By Lucy Gordon
Delegates were reaching for the stars this afternoon in a workshop surrounding attracting 'big names'.
Nick Bevens, Journalism Lecturer and Angela McCracken, media lawyer from Levy & McRae led the workshop which evoked some interesting themes.
With a combined readership of 6 million per edition, street papers are an attractive outlet for those wanting to get their name out there to a huge audience. In addition it was discussed that the involvement of 'big names' can significantly boost sales and thus generate more revenue which obviously is vital. However, the theme which stood out the most this afternoon was the street papers major selling point in terms of ethics.
Much of the media world has come under scrutiny surrounding the recent phone hacking scandal. Whilst it cannot be denied that attracting 'big names' will help to boost sales and thus increase revenue, it was agreed within the group that street papers offer a fresh approach to journalism free from sensationalism and alterior motives sadly apparent in much modern media. Street papers can provide an attractive outlet for 'big names' to express themselves honestly, without the worry that what they say will be taken out of context.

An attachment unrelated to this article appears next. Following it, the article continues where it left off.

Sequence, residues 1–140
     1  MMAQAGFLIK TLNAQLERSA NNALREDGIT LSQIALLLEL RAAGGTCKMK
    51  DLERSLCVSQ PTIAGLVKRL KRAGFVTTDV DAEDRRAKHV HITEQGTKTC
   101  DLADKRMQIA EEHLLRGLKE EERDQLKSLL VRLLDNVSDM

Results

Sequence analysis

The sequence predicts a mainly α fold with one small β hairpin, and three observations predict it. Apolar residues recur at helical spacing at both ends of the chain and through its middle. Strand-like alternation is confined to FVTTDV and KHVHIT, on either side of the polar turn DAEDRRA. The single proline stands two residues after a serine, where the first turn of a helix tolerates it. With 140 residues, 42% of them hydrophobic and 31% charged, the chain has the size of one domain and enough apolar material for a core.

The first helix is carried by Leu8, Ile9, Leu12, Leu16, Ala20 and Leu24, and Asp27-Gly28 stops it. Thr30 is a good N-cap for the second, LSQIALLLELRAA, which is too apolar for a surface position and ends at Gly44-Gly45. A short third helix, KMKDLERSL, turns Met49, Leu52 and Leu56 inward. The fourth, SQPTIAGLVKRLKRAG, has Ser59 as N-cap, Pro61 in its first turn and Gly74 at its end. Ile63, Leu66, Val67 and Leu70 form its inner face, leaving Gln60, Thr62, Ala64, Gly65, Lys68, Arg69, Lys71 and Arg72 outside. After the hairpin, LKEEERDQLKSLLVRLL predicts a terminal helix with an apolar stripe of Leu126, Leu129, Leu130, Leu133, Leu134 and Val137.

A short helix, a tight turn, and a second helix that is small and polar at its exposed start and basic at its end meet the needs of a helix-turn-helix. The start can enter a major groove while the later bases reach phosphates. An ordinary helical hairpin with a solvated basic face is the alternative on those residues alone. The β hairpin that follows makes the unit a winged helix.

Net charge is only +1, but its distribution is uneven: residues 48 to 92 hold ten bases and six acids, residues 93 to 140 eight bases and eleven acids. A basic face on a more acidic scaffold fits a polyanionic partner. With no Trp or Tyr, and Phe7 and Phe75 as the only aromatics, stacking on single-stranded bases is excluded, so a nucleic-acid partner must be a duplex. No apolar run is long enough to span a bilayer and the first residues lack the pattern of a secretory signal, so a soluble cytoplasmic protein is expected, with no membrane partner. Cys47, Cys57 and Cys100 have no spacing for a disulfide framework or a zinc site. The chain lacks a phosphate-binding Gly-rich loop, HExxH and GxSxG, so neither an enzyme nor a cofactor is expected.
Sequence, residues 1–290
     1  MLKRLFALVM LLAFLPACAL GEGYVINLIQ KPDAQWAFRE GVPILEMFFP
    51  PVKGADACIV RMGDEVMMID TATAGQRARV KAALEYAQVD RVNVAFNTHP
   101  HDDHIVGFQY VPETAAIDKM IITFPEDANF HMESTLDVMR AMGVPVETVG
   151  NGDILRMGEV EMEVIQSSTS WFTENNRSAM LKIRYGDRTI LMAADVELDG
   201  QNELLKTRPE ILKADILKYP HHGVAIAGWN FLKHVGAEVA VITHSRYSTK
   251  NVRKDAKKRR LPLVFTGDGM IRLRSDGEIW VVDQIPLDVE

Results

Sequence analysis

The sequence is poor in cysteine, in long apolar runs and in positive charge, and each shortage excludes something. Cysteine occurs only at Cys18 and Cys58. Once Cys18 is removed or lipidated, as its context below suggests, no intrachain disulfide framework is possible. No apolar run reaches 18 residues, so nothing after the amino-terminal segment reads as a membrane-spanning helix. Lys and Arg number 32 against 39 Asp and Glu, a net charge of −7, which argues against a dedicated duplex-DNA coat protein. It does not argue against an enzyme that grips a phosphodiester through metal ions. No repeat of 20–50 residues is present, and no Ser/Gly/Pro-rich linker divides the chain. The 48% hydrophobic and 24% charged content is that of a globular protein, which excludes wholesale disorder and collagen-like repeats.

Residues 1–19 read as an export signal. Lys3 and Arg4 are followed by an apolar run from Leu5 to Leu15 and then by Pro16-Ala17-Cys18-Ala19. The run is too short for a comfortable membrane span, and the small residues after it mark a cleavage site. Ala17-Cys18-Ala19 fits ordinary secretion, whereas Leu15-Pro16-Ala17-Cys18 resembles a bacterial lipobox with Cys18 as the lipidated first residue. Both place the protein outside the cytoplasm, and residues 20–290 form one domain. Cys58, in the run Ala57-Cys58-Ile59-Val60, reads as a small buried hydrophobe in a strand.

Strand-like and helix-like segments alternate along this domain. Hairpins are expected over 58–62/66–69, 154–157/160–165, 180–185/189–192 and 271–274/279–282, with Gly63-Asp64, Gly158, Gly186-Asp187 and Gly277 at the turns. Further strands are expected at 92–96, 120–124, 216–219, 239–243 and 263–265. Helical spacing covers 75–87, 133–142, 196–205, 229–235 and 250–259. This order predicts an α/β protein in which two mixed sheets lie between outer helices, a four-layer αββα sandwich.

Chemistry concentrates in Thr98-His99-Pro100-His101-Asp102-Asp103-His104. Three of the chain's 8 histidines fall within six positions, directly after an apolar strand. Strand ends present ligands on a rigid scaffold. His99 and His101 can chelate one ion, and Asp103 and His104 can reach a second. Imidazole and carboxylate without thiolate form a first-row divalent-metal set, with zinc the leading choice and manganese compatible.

The group considered the Christmas Edition of the Big Issue which featured Prince William. For the Prince the potential to have his story heard by 5 - 6 million was an attractive prospect. On top of this his reputation as a strong public figure and young icon made his involvement with the Big Issue extremely relevant. As a result of his feature the Christmas edition of the paper was republished in 43 street papers, translated into 12 languages, generated 70,000 extra income in the UK alone and over 150 mainstream media covered the story.
Evidently the involvement of 'big names' in street news can have a profound effect. The group unanimously agreed that whilst 'big names' are important, it is vital that street papers stay true to themselves, this means not losing sight of the powerful social message central to all street news. Tabloid news could not be in a worse position currently and it is the job of street news to remain truthful and honest in an increasingly blurred market.